Send to

Choose Destination
See comment in PubMed Commons below
J Neurosci. 2002 Mar 1;22(5):1994-2004.

Attentional modulation of behavioral performance and neuronal responses in middle temporal and ventral intraparietal areas of macaque monkey.

Author information

  • 1Howard Hughes Medical Institute and Division of Neuroscience, Baylor College of Medicine, Houston, Texas 77030, USA.


Although many studies have demonstrated that neuronal responses are modulated by attention, the significance of this modulation for behavior is poorly understood. We recorded from neurons in the middle temporal (MT) and ventral intraparietal (VIP) areas in the visual cortex of two macaque monkeys while they performed a motion detection task under two conditions of spatial attention. The ability of the animals to detect the motion was reduced when they withdrew attention from the stimulus. Withdrawing attention also reduced neuronal responses to the motion in both the MT and VIP areas. To compare the neuronal and behavioral effects of attention, the amount of attentional modulation was expressed in units of stimulus strength. On average, attention modulated neuronal responses in MT less than needed to account for the attentional effect on behavior. The opposite was observed in VIP, where the average effect of attention on neuronal responses was greater than that needed to account for behavior. Similar results were obtained when the effects of attention on neuronal response and behavioral performance were compared using a parametric function of stimulus strength. Across neurons in both areas, attentional modulation of neuronal responses was more variable than, and uncorrelated with, attentional modulation of behavioral performance. These findings suggest that attention can alter the average relationship between neuronal activity in visual cortex and behavioral performance. Where this relationship is preserved may indicate which cortical regions are most closely associated with the behavior in a given task.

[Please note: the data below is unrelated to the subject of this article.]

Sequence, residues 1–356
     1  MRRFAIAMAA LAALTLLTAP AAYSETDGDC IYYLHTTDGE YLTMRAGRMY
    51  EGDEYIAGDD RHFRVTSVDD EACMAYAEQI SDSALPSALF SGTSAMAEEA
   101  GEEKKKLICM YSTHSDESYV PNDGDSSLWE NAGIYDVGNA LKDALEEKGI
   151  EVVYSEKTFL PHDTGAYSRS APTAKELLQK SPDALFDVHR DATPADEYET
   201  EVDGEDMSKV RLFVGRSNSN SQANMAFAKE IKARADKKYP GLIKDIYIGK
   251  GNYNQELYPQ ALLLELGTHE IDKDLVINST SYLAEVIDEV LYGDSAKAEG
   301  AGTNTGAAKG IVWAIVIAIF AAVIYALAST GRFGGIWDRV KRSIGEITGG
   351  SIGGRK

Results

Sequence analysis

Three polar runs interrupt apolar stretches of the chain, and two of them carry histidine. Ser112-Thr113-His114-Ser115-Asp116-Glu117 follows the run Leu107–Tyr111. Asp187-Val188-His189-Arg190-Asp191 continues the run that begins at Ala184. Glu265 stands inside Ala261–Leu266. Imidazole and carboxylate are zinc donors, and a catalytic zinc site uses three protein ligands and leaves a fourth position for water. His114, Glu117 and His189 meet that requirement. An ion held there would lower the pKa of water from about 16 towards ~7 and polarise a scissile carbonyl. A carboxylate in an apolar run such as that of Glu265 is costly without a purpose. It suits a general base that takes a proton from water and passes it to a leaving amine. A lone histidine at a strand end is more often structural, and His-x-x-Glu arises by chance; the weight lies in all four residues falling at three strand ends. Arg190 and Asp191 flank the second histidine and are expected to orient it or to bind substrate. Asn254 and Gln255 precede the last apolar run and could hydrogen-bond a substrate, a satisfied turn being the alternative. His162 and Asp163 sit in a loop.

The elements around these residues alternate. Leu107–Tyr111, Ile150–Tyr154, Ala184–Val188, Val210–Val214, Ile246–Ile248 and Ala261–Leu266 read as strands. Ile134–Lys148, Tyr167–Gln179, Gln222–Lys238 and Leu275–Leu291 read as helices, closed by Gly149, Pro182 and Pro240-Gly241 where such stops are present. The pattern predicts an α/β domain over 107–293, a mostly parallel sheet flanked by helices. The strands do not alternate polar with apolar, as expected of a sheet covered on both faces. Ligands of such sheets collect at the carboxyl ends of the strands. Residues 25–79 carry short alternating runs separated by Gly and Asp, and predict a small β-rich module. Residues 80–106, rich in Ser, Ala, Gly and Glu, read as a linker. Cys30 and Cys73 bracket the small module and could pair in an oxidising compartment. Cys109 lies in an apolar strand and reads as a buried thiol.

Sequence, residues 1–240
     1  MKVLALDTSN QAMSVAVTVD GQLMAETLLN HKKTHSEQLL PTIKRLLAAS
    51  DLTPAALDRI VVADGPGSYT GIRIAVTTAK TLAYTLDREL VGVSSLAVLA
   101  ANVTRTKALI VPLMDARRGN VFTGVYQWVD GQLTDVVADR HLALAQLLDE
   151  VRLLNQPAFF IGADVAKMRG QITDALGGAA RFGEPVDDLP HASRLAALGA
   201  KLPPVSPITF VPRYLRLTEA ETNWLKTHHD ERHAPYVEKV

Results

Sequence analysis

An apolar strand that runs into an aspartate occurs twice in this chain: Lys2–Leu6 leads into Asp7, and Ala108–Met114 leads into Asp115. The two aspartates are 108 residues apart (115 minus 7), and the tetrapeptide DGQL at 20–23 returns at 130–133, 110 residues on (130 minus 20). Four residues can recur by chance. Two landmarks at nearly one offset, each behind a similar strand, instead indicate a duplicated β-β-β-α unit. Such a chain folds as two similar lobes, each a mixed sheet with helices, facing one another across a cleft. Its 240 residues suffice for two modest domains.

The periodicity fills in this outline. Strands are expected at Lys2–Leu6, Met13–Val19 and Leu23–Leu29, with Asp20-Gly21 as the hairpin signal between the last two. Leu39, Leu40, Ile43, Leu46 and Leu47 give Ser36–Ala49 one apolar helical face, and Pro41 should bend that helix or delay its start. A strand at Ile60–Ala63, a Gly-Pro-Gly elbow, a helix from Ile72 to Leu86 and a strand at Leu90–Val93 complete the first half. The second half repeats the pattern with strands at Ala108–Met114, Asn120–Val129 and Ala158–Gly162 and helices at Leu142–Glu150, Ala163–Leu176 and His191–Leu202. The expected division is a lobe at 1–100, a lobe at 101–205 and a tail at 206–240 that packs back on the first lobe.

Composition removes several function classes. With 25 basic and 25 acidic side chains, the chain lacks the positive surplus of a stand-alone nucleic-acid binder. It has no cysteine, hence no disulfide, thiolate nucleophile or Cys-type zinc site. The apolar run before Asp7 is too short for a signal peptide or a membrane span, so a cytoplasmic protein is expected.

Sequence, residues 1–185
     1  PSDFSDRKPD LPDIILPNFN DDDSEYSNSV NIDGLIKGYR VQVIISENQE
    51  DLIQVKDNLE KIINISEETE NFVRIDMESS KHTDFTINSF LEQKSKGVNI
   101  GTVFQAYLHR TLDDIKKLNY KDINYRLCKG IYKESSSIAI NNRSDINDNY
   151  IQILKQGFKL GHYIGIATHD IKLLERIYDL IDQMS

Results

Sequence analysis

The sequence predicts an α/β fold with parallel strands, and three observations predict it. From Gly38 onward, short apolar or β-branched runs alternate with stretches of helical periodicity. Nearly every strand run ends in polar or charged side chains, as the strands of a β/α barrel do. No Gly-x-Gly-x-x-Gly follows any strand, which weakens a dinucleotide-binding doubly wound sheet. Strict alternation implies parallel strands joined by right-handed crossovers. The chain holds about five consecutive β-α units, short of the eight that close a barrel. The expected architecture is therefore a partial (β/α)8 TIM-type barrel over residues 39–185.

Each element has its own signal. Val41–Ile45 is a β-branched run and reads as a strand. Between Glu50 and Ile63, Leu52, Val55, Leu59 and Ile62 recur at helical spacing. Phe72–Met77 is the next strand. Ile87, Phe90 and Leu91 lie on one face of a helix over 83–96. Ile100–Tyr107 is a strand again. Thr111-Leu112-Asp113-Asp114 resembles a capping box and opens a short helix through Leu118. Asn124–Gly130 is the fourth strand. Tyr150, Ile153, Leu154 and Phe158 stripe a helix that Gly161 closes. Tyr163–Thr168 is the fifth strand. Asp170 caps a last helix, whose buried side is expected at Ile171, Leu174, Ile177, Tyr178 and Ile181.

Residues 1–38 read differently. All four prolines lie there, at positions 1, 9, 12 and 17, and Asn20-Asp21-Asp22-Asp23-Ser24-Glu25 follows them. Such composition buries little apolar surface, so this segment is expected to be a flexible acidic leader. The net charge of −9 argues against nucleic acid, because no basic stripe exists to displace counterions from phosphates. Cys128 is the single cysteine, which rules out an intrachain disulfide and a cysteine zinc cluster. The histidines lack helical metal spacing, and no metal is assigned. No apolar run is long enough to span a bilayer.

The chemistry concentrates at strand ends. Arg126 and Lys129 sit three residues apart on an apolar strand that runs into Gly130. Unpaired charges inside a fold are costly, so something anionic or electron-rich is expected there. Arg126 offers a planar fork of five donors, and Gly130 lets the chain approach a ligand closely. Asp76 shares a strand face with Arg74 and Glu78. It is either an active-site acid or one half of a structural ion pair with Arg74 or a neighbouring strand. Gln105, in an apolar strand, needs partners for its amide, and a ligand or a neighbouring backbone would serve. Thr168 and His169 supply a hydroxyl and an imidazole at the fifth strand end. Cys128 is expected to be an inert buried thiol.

[PubMed - indexed for MEDLINE]
Free full text
PubMed Commons home

PubMed Commons

How to join PubMed Commons

    Supplemental Content

    Full text links

    Icon for HighWire
    Loading ...
    Write to the Help Desk